First footage of the upcoming hobbit movie shown to public greeted with mixed reactions . . .

Ten minutes of footage from the upcoming The Hobbit: An Unexpected Journey has been shown to delegates at the annual CinemaCon in Las Vegas.

Reactions from cinema owners and projectionists at the screening include:

- “It reminds me of when I first saw Blu-Ray, in that it takes away that warm feeling of film. It looked to me like a behind-the-scenes featurette.”

-”It looked like a made-for-TV movie. It was too accurate – too clear. The contrast ratio isn’t there yet – everything looked either too bright or black.”

- “The question is if people want to watch movies that really look real or not. I was expecting a subtle difference, but this was dramatic. Might that work against a narrative? I don’t know.”

The footage was also criticized by one media outlet as “appearing overlit and sharp in a way that many compared to modern sports broadcasts or daytime television.”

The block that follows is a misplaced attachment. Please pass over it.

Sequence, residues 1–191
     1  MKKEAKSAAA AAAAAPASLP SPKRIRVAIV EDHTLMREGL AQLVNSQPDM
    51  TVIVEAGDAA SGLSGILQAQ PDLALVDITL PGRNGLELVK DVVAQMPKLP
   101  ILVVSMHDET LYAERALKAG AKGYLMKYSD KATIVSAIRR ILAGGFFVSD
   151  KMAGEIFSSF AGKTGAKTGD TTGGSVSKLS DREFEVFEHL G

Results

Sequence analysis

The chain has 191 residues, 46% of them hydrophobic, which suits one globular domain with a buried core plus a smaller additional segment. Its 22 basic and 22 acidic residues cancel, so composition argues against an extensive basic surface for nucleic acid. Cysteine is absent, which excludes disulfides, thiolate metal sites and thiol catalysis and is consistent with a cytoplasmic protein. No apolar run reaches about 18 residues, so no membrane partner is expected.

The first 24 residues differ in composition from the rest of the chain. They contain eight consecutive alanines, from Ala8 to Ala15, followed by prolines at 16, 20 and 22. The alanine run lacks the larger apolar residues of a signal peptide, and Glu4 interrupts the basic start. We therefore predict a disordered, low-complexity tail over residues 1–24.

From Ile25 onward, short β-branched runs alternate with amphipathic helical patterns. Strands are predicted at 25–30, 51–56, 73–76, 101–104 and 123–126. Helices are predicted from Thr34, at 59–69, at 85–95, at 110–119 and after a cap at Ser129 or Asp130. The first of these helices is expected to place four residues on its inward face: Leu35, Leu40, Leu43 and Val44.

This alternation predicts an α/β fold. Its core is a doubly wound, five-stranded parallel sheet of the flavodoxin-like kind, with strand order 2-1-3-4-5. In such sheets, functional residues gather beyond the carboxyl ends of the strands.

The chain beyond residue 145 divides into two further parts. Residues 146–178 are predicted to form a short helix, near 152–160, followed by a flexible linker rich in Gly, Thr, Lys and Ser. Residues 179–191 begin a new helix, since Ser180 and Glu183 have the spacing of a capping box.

Both Hobbit movies will be shot in a 48 frames-per-second format which according to director Peter Jackson results in a “more attractive” 3D image that is “more gentle on the eyes”.  James Cameron is also a proponent of the format and has said that he might even shoot his Avatar sequels in an even higher 60 frames per second format.

(Twenty four frames per second has been the standard for most of cinema’s history.)


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Category: Movies, News

About the Author

James has been running The Sci-Fi Movie Page since Before the Beginning of Time Itself (TM), i.e. since the site's inception in 1997. In addition to sci-fi James also likes 1970s motorbikes and chili dogs although he doesn't own the former and no longer eats the latter. He currently resides in Kiev, Ukraine for reasons best left unexplained.

  • Scifimoviepage

    I think Jackson has been smoking weed: nothing looks good in 3-D . . . plus you have to wear those daft Buddy Holly glasses.

  • Bolithio

    My biggest fear is that Peter Jackson will again opt to indulge in endless (pointless) cinematic scenes panning over mountains and such, at the expense of the brilliant dialogue in the book. 



May 2017
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